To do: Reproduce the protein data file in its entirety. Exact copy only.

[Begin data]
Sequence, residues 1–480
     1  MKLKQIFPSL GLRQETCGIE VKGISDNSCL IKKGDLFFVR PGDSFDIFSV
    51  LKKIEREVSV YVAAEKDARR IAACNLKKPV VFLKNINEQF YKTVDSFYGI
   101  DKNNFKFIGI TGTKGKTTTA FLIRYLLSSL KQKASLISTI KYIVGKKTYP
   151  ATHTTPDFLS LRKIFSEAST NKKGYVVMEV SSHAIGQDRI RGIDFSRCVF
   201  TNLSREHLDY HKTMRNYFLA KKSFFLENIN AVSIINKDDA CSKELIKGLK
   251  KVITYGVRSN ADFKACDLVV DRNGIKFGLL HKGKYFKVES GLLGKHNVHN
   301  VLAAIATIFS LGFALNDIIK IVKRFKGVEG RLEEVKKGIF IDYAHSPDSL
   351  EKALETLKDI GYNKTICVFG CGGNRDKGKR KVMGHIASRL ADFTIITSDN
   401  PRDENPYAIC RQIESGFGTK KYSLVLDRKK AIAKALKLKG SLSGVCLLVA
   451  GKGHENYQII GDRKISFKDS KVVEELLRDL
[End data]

Sequence, residues 1–480
     1  MKLKQIFPSL GLRQETCGIE VKGISDNSCL IKKGDLFFVR PGDSFDIFSV
    51  LKKIEREVSV YVAAEKDARR IAACNLKKPV VFLKNINEQF YKTVDSFYGI
   101  DKNNFKFIGI TGTKGKTTTA FLIRYLLSSL KQKASLISTI KYIVGKKTYP
   151  ATHTTPDFLS LRKIFSEAST NKKGYVVMEV SSHAIGQDRI RGIDFSRCVF
   201  TNLSREHLDY HKTMRNYFLA KKSFFLENIN AVSIINKDDA CSKELIKGLK
   251  KVITYGVRSN ADFKACDLVV DRNGIKFGLL HKGKYFKVES GLLGKHNVHN
   301  VLAAIATIFS LGFALNDIIK IVKRFKGVEG RLEEVKKGIF IDYAHSPDSL
   351  EKALETLKDI GYNKTICVFG CGGNRDKGKR KVMGHIASRL ADFTIITSDN
   401  PRDENPYAIC RQIESGFGTK KYSLVLDRKK AIAKALKLKG SLSGVCLLVA
   451  GKGHENYQII GDRKISFKDS KVVEELLRDL